Cheerleader beats cancer with help from drug developed locally

PUYALLUP, Wash.-- Emerald Ridge High School cheer coach Kaitie Johnson has good reason to count her blessings.

The young woman was sidelined by a cancer diagnosis, but she is alive today thanks to a new drug developed by Seattle Genetics in Bothell.

The former cheerleader now a coach at her alma mater, says she's also alive thanks in part to the team.

"I was diagnosed the summer before my senior year," she said.

In 2009, Johnson was a junior, a cheerleader and captain of the squad.

At practice one day she threw out her shoulder.

A simple injury that led to therapy, then the discovery of a bigger problem.

"I was actually at my last massage therapy appointment and my massage therapist felt a lump in my neck," she said.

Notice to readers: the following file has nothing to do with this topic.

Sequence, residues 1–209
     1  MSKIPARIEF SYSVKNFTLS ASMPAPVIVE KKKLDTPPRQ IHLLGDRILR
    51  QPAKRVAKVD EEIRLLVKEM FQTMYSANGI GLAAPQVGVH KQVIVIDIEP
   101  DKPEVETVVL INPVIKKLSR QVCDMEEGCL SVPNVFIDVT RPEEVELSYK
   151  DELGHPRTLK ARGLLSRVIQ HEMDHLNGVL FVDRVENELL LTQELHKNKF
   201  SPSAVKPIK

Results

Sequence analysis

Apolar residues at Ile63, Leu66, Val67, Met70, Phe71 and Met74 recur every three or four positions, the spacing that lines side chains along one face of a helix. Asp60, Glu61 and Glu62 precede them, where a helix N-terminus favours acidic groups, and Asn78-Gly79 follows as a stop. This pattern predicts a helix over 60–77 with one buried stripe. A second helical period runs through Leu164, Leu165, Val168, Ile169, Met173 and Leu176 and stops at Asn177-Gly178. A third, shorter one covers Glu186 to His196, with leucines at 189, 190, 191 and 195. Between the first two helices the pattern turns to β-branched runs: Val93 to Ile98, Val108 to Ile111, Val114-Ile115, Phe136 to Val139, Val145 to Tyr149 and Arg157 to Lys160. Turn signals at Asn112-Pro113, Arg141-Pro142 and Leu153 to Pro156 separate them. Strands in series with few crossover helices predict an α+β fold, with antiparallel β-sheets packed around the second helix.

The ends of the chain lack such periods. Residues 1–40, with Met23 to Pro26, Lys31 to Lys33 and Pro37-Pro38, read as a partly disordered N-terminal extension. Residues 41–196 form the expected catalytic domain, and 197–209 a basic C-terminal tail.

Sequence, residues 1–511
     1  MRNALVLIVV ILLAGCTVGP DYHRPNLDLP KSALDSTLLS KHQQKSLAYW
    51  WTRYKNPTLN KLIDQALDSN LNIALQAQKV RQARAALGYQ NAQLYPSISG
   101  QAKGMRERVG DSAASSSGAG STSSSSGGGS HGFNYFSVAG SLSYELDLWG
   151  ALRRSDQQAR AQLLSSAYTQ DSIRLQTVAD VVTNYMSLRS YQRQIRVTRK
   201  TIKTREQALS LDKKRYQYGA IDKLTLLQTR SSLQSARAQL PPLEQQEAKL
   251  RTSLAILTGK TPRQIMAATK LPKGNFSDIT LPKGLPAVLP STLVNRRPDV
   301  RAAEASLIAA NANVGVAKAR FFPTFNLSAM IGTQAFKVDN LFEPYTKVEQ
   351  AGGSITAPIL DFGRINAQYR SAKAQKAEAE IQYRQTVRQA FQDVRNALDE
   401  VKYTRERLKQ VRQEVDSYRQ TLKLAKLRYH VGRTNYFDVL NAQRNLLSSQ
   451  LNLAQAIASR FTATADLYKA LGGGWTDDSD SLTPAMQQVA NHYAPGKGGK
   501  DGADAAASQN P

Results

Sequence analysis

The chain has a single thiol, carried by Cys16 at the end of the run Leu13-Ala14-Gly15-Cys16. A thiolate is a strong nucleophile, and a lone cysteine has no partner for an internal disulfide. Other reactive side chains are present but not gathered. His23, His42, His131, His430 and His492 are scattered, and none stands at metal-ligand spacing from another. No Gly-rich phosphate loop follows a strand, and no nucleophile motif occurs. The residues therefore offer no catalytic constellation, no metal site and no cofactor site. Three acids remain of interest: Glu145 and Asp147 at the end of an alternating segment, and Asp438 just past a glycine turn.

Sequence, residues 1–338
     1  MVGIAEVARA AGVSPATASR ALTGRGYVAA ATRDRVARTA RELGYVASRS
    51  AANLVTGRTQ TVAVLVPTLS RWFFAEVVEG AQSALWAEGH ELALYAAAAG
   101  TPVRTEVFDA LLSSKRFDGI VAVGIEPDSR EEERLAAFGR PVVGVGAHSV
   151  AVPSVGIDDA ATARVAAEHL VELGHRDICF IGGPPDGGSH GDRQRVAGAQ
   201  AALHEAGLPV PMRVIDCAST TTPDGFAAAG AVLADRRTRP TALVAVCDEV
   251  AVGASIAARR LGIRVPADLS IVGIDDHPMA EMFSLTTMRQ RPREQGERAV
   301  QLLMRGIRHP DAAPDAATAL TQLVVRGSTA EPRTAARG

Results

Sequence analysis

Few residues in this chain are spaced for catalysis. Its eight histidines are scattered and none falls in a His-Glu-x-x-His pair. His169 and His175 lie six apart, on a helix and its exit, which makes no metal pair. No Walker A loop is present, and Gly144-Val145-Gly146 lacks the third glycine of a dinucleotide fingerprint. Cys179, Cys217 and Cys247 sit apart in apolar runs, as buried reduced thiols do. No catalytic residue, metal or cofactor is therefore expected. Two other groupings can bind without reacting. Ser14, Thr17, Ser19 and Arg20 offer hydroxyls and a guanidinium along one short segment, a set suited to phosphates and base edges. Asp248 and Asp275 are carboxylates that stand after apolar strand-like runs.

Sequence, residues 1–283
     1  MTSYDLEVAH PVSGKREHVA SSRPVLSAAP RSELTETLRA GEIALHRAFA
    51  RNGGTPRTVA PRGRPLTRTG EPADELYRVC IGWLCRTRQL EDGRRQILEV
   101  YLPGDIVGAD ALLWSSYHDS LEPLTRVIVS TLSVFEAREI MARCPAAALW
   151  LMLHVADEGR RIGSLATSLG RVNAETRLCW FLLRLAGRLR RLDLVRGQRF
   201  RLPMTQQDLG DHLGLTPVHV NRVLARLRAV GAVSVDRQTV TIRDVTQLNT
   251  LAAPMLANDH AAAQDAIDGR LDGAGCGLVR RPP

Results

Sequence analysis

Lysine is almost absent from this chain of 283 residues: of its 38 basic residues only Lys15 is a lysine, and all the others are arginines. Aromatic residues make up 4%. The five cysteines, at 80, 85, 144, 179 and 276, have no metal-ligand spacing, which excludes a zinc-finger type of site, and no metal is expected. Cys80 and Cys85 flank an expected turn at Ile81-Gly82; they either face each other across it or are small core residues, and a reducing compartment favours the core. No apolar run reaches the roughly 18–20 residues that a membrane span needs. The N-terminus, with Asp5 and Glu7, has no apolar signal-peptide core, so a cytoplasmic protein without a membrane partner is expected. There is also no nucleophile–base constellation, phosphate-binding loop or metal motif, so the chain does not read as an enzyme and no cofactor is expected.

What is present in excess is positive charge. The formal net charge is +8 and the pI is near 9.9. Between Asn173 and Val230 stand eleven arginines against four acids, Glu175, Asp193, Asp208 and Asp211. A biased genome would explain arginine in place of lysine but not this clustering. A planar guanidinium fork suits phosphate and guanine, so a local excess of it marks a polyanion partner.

Cancer was attacking her lymph nodes.

Hodgkin's Lymphoma is highly survivable, but requires rigorous treatment.

She started chemo and missed out on cheer.

Still the cancer kept growing as her chance for survival shrunk from 80 percent to just 20.

"Her mom was just crying in my office. There were just tears coming out," Dr. Michael Liao, Kaitie's doctor said.

But Dr. Liao knew of a drug called Adcetris

Developed in Bothell it's known for it's potency yet fewer side effects.

"Within just two rounds of getting it, it was in full remission and I was able to go immediately into a stem cell transplant. The week after I had my CT scan I found out I was in remission," she said.

That was two years ago.

"I've been in remission ever since," she said.

She is now planning on college and getting time in with the cheer team--the sport she says saved her.

"The one lesson I really learned out of it was you have to take it one day at a time and you have to have a positive attitude," she said.

For Johnson, it took 16 cycles of the drug to kill off the cancer cells, while sparing the healthy cells.